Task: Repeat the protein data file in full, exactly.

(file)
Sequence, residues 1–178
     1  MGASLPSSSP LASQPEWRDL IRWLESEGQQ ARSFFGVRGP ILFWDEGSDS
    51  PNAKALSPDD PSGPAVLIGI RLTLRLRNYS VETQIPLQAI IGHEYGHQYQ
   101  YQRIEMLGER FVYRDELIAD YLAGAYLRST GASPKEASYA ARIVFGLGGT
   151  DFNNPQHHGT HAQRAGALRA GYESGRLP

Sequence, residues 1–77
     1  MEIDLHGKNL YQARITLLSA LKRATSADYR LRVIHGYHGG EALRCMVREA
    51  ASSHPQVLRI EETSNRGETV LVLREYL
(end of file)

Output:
Sequence, residues 1–178
     1  MGASLPSSSP LASQPEWRDL IRWLESEGQQ ARSFFGVRGP ILFWDEGSDS
    51  PNAKALSPDD PSGPAVLIGI RLTLRLRNYS VETQIPLQAI IGHEYGHQYQ
   101  YQRIEMLGER FVYRDELIAD YLAGAYLRST GASPKEASYA ARIVFGLGGT
   151  DFNNPQHHGT HAQRAGALRA GYESGRLP

Sequence, residues 1–77
     1  MEIDLHGKNL YQARITLLSA LKRATSADYR LRVIHGYHGG EALRCMVREA
    51  ASSHPQVLRI EETSNRGETV LVLREYL